Turn the dough out onto a work surface, gather it together and divide it in half. Working with one half at a time, shape the dough into logs that are 1 1/2 inches in diameter. Wrap the logs in plastic wrap and refrigerate them for at least 3 hours. (The dough can be refrigerated for up to 3 days or frozen for up to 2 months. If you’ve frozen the dough, you needn’t defrost it before baking — just slice the logs into cookies and bake the cookies 1 minute longer.)

Center a rack in the oven and preheat the oven to 325°F (160°C). Line two baking sheets with parchment or silicone mats.

Working with a sharp thin knife, slice the logs into rounds that are 1/2 inch thick. (The rounds are likely to crack as you’re cutting them — don’t be concerned, just squeeze the bits back onto each cookie.) Arrange the rounds on the baking sheets, leaving about one inch between them.

My picture is of the log after I cut most of it. Whoops! I always forget to take my pictures.

Bake the cookies one sheet at a time for 12 minutes — they won’t look done but that's okay! You just have to take it on faith that they are. Transfer the baking sheet to a cooling rack and let the cookies rest until they are just barely warm. Then eat them.

The cookies are delicious, kind of like chocolate shortbread but better. They are a great accompaniment to a train ride up to tomato weekend! They are worth the effort for sure.

Saturday, September 4, 2010

Boo to Fall

As September starts and summer comes to a close, I find myself in a funk. I love summer and I hate winter. I don't mind fall, but I know that winter is just around the corner and there will be no more sunshine, swimming, barbecues or fresh local vegetables. So at this time, I try to make as much of my favorite summer comfort food as I can. This is my all time favorite. I've made it for years, but it's never shown up on the blog. I'm not sure why.

Pasta A La Norma - adapted initially from the Gourmet Cookbook, but i haven't looked at the actual recipe in ages

1 small eggplant (or 2 Japanese ones)
1 28 oz can of whole peeled tomatoes (or several fresh ones, peeled. Oh summer)
lots of olive oil
fresh basil
pasta of your choice
ricotta cheese

1. Heat some olive oil over high heat. Slice up your eggplant and shallow fry it on each side in batches. You want the olive oil to get soaked up into the eggplant and for the eggplant slices to turn golden brown. You'll have to keep adding more oil as you cook because eggplant is like an olive oil sponge.

2. Salt and pepper the eggplant slices and set aside. Don't skimp on the salt.

3. Add the tomatoes to the pan with the olive oil, turn down the heat to medium and add some salt (you could add a little sugar too, to help the tomatoes break down). They have to cook for a while - about 20 minutes is good, so that they really break down into a rich sauce. You can cook the pasta at this time as well. Stir occasionally and don't let the tomatoes stick or burn.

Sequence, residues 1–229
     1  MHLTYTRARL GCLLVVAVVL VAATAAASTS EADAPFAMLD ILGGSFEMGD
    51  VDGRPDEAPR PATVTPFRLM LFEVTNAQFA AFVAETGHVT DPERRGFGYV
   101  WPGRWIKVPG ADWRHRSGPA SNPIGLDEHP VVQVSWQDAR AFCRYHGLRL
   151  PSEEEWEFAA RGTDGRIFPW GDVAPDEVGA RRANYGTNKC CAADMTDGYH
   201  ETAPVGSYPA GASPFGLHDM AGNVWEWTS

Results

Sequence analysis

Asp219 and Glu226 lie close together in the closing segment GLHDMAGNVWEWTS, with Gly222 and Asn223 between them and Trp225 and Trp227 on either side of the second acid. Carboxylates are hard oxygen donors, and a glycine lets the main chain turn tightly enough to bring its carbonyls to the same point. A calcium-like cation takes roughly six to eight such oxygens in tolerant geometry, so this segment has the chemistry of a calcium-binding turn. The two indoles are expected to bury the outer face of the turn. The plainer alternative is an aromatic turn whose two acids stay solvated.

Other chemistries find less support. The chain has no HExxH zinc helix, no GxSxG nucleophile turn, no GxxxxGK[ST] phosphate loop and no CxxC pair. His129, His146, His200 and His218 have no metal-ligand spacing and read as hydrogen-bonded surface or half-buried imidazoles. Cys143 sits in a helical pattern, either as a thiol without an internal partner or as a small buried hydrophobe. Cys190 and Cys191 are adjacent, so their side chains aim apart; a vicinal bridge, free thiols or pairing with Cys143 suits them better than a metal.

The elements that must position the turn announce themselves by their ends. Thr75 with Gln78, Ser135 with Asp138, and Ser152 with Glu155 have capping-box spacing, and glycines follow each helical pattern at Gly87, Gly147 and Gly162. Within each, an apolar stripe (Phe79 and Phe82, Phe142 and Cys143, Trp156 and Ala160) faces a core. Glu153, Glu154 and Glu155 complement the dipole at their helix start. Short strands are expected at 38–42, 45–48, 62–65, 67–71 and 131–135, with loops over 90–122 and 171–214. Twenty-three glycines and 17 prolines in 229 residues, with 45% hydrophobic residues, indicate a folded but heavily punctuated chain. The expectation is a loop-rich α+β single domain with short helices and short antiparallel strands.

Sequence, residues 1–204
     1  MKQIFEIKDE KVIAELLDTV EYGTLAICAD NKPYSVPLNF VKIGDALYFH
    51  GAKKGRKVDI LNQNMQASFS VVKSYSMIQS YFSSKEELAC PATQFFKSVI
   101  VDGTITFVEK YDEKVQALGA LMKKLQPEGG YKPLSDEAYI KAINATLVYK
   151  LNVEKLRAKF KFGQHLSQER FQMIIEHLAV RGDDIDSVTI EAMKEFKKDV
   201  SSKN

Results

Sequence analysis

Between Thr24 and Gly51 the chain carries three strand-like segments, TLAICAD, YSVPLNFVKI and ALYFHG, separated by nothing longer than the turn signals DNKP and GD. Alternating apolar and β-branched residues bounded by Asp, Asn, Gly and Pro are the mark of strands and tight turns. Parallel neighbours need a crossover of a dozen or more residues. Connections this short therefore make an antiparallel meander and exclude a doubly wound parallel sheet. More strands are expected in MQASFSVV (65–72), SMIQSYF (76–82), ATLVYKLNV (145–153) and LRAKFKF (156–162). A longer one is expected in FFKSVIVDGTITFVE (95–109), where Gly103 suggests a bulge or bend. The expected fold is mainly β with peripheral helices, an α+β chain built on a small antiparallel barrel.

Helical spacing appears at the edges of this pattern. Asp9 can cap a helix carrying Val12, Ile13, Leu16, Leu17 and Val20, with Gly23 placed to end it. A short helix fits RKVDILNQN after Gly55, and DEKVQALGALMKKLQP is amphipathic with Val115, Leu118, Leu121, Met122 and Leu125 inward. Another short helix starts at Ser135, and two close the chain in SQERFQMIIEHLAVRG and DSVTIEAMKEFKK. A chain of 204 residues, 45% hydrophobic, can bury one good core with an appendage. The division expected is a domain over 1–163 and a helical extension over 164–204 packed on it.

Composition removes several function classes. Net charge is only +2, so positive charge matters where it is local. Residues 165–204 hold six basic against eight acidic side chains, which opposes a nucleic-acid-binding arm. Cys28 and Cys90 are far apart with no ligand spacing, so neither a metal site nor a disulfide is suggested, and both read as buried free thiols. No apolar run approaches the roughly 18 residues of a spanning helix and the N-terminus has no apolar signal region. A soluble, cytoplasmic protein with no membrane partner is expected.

4. Chop up the eggplant into chunks and add to the sauce.

5. Add the basil on top - torn, chopped, whatever.

6. Add the pasta to the sauce and mix to combine. Serve with a dollop of creamy ricotta cheese.

This is one of my all time favorite meals. It's a great vegetarian entree. The eggplant is meaty and delicious and the fresh tomato sauce is an awesome summer treat. The ricotta is a cool change from salty Parmesan (although that is good too). I would eat this every day.

Thursday, September 2, 2010

Tomato Weekend!

Last year, Zack and I got married. For a wedding present, my friend Blake gave me two jars of homemade tomato sauce. Initially, I'll admit, my first thought was "well, I can make tomato sauce." But then I tasted it. My next thought was "how do I get me some more of that?" When I said that out loud to Blake, she invited me (and Meredith!) to what she called "tomato weekend" where her family and lots of other Italian people get together for a whole weekend to make tomato sauce, eat amazing food and drink wine. There was no way I was missing that.

Here's my basic rundown of tomato weekend. On Friday night, you wash 2500 pounds of tomatoes.

That is not even close to all the tomatoes. You dump them in giant basins of water -

- scrub the dirt off with your hands -

- and put them in laundry baskets/bins.

This is also not all the tomatoes. The tomatoes never end.

Then you drink a lot of wine, eat pizza and salad, watch several episodes of True Blood and go to bed.

The next morning, the men wake up at 4:30am and set up all the equipment. At 10:00am, they all start drinking again.

The women seem to wake up around 7:00am and get to work. First, you blanch the tomatoes (in those metal pots in back).

Then you poke them with a really long stick.

Girls aren't supposed to do the poking, but Meredith and I snuck our way in.

Then you push the tomatoes through an electric food mill.

One person pushes with a weird plastic stick thing.

Another person makes sure the machine stays running and clean.

Meredith sat here all day and her pants slipped down a little because she wasn't wearing a belt. Blake's mom gave her this dish rag to cover her butt with. Meredith was embarrassed at first, but then it caught on and she was way proud of it.

We had a special name for it. It's not fit to print.

(Okay, we called it the slut rag. But when the adults asked, we called it a modesty rag so as not to seem crude and slutty.)

Anyway, you have to run the tomatoes through the machine three more times until there's just skins and seeds.

Then the tomato puree that came out of the food mill gets boiled down with basil and salt.

This is all a really messy process. See those stains?

See our hands?

And my foot?

And my ring?

Yeah, it's silly.

Anyways, you put some basil in a jar, pour the boiling hot sauce in them -

- screw the lid on and flip them over so that it makes suction.

Do that whole process for 2500 pounds of fresh local tomatoes and 12 cases of jars. We worked for over 12 hours. Blake's mom was really proud of us and gave us awards.

That's Michael. He got an award too, but not one that was as cool as mine and Meredith's.

Did I mention the food? When you put a lot of Italians in a house together, they cook all this for lunch.

There were amazing stuffed peppers, stuffed mushrooms, caprese salad, calamari salad, chicken cutlets, mussels - I can't even name it all. It was so delicious. And that was just lunch.

This was dinner.

The first sauce of the season with ravioli tasted even better after we worked all day (and drank all day - Italians have crazy stamina).

Thanks to Blake and her family for letting us crash tomato weekend! We had the best time (and now we have three jars each of freshly made sauce - I'm not sharing, so don't ask).